Journalist Chris Mooney has made something of a career of framing questions about science through the lens of partisan politics. His breakout bestseller The Republican War on Science (2005) carefully documented how the Bush administration pushed an ideological agenda and worked to marginalize scientific findings that contradicted the assumptions in that agenda. Several more books on the same theme followed. His new book is The Republican Brain: They Science of Why They Deny Science—and Reality. While the book itself is more subtle than its title, I have to take issue with the concept.
There is nothing inherently Republican about disliking science, nor can the supposed neurological traits of the conservative—rigidity, fear, aggression—be correlated to efforts to ignore or suppress scientific findings. (Mooney uses conservative as a synonym for Republican, though this is not strictly speaking true.) At best, conservatism can be correlated with specific reasons for suppressing or ignoring certain types of science, especially politically-inconvenient science such as global warming and evolution. Conservatives continue to support applied science, including technology, oil exploration, and nuclear power in large numbers.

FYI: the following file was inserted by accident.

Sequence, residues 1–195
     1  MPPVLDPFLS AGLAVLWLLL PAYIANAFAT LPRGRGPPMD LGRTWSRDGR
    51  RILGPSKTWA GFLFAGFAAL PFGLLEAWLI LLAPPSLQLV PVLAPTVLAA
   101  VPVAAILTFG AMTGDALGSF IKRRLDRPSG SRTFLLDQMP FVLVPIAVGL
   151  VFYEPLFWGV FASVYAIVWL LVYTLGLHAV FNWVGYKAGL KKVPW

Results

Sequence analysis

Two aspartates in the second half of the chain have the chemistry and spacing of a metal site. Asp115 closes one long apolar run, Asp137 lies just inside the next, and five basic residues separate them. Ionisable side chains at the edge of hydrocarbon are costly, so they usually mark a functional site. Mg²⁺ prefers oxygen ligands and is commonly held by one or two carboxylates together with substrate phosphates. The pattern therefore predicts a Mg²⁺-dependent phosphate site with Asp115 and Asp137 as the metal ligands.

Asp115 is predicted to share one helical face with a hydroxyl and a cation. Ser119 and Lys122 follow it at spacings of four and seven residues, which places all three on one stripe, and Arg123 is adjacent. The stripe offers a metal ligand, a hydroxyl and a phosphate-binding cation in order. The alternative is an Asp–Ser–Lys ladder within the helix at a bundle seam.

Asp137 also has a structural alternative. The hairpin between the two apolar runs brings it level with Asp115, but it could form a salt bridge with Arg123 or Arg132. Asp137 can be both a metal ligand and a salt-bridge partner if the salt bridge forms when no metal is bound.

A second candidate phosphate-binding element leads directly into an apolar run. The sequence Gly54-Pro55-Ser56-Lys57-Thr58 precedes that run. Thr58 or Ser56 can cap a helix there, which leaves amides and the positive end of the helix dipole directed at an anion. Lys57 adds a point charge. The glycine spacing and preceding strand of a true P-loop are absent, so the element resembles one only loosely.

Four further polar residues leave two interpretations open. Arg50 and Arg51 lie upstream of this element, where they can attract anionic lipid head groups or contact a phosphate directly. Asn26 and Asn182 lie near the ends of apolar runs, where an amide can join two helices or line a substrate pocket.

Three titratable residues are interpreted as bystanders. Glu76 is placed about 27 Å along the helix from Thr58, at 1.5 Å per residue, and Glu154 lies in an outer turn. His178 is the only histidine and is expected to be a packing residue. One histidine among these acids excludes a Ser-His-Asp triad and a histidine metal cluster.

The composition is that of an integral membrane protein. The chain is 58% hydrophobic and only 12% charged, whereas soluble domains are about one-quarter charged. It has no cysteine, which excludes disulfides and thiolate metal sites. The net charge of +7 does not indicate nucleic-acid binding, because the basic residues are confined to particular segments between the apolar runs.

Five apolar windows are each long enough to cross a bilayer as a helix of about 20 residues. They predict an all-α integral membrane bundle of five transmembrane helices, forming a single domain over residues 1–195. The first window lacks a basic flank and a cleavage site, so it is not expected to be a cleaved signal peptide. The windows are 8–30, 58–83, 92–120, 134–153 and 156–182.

Conversely, liberals, whom Mooney identifies as open-minded, tolerant, and enamored of ambiguity, are no firm supporters of science either. Liberals have embraced such pseudoscience as homeopathy, astrology, ancient astronauts, and anything New Age. Liberals, according to surveys, may trust science more than conservatives, but this depends on what we define as science. Liberals are more likely to think that non-science is actually science or an “alternative way of knowing.” They’re still advocating for beliefs that aren’t true at the expense of science. They just don't think that's what they're doing.
This is why I dislike partisan claims that one ideology or another is to blame for America’s retreat from science and reason. Had this book been written 40 years ago, it would have been called The Democratic Brain and complained about how liberals were pushing anti-scientific social welfare policies and advocating for alternative medicine. Mooney has previously written about alternative medicine, so he is not unaware of this problem, but overall the thrust of his writing matches the thrust of his politics.
The fact is that despite the euphemistic term “political science,” politics is not a profession governed by reason, and self-identification with a party or ideology virtually guarantees embracing some anti-scientific ideas since ideologies of any stripe are defined by adherence to dogma, the very opposite of science. The short version is this: People support what they like and oppose what they dislike.
I am an author and researcher focusing on pop culture, science, and history. Bylines: New Republic, Slate, etc. There's more about me in the About Jason tab.
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